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Supreme Court to decide on fate of cross-shaped WWI memorial

Ben Jacobson-CC-Wikipedia
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The 40-foot-tall "Peace Cross," which sits on public land, was declared unconstitutional by a lower court.

On Wednesday the U.S. Supreme Court will be asked on to decide whether a 40-foot-tall cross-shaped memorial to 49 servicemen who died in World War II violates the Constitution.

Built in 1925, in Bladensburg, Maryland, the memorial was paid for by private funds, but now stands on public land, after a state commission took over the area it sits on in 1961. In 2012, the American Humanist Association, which claims on its website to advocate “progressive values and equality for humanists, atheists, and freethinkers,” filed a suit against the monument on the grounds that it commemorated Christianity above other religions.

In 2017, the U.S. Court of Appeals for the 4th Circuit declared the memorial unconstitutional, saying that it “has the primary effect of endorsing religion and excessively entangles the government in religion.”

“The Latin cross is the core symbol of Christianity,” Judge Stephanie D. Thacker wrote. “And here, it is 40 feet tall; prominently displayed in the center of one of the busiest intersections in Prince George’s County, Maryland; and maintained with thousands of dollars in government funds. Therefore, we hold that the purported war memorial breaches the ‘wall of separation between Church and State.’”

The American Legion joins the state commission of parks in defending the cross, and according to an NBC News report, is arguing that the passive display of religious symbols does not amount to government coercion. For decades the court has asked whether a reasonable person would see the presence of religious symbols as the government’s endorsement of a particular religion in order to test the constitutionality of religious symbolism in public spaces.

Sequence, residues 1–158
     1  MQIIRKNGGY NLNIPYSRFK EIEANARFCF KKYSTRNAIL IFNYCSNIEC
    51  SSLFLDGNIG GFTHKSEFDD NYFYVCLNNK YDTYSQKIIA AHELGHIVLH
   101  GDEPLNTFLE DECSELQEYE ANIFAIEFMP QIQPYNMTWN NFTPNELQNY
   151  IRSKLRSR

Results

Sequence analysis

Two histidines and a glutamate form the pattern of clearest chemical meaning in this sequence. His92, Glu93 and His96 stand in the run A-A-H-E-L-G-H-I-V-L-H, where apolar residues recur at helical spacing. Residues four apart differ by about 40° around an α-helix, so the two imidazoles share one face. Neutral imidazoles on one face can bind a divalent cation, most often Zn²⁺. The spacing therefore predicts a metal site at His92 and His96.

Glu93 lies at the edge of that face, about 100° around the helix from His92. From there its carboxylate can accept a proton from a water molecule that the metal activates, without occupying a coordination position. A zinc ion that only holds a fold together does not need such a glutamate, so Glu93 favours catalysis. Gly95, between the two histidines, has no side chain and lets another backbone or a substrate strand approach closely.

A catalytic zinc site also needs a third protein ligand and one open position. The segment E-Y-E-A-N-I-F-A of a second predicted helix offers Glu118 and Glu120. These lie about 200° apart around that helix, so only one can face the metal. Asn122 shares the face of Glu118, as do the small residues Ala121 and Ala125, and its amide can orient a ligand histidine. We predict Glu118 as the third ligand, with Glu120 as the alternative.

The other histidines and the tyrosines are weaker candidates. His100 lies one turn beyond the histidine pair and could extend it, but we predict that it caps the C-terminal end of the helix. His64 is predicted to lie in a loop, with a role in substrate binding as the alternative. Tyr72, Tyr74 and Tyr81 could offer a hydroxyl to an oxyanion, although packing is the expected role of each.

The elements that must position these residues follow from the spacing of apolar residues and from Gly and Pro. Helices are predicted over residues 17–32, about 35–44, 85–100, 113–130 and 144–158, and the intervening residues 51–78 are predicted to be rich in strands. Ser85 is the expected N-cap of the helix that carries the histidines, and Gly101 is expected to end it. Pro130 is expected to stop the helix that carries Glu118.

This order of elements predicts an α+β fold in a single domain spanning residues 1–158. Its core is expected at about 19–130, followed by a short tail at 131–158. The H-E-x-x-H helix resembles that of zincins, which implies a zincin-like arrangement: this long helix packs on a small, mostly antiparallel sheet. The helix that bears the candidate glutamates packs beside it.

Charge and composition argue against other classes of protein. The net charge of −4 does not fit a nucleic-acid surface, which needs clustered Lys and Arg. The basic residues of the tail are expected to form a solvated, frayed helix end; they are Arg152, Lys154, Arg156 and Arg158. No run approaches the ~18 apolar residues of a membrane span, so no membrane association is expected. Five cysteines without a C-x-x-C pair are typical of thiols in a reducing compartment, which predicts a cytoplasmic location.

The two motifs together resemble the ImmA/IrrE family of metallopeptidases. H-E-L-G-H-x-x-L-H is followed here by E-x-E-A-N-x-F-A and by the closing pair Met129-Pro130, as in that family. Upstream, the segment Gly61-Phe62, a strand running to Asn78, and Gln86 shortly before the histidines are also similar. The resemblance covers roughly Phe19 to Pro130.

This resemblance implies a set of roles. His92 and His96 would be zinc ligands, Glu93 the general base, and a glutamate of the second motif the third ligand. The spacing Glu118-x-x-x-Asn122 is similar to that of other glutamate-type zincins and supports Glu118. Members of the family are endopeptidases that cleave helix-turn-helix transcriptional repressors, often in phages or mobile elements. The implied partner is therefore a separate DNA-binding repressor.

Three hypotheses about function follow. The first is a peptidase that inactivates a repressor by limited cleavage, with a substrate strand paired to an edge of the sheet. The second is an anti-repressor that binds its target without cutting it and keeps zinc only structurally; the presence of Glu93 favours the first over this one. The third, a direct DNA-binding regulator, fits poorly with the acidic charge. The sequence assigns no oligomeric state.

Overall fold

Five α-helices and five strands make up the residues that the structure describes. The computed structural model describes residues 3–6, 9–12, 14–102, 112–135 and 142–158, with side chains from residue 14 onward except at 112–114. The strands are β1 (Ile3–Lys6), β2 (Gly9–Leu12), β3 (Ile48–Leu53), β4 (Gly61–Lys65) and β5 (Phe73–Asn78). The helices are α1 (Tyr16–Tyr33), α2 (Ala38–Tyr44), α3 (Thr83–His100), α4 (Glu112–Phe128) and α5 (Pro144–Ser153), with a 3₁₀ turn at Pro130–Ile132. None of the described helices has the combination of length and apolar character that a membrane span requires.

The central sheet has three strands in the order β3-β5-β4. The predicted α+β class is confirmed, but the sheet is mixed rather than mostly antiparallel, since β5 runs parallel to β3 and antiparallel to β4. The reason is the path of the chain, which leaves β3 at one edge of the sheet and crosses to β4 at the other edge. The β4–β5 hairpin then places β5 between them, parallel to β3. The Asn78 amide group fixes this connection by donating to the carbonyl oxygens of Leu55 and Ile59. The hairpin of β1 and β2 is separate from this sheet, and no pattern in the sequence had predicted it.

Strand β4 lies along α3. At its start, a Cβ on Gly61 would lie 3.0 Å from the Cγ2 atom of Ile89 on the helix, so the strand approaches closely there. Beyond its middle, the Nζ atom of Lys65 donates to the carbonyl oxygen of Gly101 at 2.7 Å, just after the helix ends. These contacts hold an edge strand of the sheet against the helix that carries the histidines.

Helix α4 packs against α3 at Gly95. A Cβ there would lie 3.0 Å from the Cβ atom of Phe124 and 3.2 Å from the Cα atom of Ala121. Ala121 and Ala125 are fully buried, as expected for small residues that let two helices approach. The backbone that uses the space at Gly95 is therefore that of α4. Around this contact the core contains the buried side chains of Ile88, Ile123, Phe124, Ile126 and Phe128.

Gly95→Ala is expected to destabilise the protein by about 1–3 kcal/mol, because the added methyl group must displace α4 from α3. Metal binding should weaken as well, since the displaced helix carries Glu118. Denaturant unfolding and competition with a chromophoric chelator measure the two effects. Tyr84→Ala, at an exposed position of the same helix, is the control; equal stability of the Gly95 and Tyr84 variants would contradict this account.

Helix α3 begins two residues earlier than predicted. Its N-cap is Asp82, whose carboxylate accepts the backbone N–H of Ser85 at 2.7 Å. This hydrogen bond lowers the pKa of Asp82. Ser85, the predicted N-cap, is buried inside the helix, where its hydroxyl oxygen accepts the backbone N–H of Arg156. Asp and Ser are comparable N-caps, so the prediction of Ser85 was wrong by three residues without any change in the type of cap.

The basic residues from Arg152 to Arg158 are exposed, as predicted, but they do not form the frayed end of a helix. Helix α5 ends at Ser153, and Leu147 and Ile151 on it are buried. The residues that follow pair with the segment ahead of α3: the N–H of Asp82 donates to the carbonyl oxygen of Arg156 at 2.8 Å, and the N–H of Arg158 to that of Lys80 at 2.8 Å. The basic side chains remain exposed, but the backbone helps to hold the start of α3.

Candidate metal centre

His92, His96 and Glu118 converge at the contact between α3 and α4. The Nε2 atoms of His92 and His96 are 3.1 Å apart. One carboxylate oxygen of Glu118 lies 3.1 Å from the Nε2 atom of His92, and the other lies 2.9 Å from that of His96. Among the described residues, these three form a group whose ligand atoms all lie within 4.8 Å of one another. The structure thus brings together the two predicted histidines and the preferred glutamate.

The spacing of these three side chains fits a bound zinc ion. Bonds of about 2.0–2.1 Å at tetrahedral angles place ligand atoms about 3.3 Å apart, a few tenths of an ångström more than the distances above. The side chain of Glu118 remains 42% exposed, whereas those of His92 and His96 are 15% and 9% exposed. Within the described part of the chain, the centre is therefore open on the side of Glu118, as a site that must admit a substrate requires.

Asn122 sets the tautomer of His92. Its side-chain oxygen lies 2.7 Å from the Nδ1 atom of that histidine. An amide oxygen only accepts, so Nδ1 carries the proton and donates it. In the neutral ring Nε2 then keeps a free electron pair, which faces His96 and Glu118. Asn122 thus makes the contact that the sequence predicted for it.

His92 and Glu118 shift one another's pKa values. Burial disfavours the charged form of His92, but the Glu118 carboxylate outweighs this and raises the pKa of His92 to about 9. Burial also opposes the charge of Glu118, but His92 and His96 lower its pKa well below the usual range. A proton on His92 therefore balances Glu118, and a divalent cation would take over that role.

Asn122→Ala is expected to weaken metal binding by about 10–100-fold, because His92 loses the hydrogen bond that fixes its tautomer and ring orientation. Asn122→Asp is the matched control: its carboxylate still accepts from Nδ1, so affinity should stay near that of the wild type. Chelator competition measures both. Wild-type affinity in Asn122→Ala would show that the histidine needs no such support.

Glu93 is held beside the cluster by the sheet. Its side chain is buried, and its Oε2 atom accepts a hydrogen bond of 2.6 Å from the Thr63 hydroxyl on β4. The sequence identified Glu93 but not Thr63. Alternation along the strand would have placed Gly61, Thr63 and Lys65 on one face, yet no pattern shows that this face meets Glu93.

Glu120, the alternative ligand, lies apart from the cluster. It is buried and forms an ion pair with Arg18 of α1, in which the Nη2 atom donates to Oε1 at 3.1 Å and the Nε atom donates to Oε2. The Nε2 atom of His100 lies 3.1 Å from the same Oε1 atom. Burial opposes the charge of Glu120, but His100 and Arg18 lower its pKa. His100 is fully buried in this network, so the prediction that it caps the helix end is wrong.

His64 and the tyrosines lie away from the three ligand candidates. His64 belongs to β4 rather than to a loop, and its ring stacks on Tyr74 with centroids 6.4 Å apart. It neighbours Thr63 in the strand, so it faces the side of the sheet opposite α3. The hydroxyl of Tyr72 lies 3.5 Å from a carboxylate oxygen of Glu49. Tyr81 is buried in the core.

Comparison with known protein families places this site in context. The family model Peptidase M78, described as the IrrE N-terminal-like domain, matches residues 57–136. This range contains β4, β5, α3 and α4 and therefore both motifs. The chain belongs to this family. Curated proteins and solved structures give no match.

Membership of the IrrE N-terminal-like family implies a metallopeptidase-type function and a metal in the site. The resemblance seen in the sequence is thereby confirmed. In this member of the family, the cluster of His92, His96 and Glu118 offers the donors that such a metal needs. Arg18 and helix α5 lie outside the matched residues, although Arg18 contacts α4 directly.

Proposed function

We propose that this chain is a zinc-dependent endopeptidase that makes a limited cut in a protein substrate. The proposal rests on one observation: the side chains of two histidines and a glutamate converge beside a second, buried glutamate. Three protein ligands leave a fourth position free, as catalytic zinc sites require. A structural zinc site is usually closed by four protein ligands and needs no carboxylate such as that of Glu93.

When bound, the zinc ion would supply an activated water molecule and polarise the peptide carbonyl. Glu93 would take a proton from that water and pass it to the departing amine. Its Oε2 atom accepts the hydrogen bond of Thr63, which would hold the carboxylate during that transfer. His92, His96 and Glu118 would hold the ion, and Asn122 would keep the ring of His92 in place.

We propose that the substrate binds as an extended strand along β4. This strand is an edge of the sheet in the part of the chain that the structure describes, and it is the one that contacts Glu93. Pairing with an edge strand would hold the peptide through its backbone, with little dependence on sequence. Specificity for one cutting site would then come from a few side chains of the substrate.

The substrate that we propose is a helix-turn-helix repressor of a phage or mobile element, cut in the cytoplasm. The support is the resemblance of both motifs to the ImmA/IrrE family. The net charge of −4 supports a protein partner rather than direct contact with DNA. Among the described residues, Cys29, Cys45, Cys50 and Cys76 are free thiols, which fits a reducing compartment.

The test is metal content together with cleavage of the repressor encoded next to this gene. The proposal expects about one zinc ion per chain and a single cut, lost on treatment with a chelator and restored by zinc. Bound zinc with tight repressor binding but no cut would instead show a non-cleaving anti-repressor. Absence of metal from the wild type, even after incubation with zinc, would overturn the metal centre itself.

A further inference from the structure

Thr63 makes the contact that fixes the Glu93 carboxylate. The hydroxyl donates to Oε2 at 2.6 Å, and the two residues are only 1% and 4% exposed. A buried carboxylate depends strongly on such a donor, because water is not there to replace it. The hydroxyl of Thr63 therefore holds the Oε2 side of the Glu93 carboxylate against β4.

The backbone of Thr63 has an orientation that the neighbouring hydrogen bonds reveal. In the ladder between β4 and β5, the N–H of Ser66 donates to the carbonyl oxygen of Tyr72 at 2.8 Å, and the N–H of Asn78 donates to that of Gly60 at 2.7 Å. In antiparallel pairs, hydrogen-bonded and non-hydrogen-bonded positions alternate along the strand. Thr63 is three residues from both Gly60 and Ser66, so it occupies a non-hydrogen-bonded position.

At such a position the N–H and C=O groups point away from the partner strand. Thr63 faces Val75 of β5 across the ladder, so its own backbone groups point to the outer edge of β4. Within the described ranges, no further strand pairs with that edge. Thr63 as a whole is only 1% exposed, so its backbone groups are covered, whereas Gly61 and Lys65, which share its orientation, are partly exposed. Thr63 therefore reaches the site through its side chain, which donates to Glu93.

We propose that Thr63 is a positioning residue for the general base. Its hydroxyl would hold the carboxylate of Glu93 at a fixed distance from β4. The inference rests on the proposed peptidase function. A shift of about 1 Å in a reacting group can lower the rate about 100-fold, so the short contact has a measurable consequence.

“The test should be coercion,” Michael Carvin, a lawyer representing the American Legion, said. “Has there been some tangible threat to liberty because of what the government is doing, such as outright proselytizing? That should be the question.”

The Court has, in the past, ruled against the public display of religious symbols, declaring that framed copies of the Ten Commandments in front of two Kentucky courthouses violated the Establishment Clause. Its record is, however, mixed: while it ruled that a clergy-led prayer at a public school graduation was unconstitutional, it also ruled against a challenge to the use of the phrase “Under God” in the Pledge of Allegiance and against a challenge opening state legislative sessions with a prayer.

The Trump Administration filed a friend of court brief saying that Bladensburg’s Peace Cross does not violate the Constitution because it is a passive display of a religious symbol.

“Passive displays generally fall on the permissible side of that line, because they typically do not compel religious belief; coerce support for, or participation in, any particular religion or its exercise,” the government said.

The government argued that “the context, history and physical setting of the display underscore its secular message: commemoration and respect for the fallen.”

A decision is expected by late June, according to the NBC report.

 

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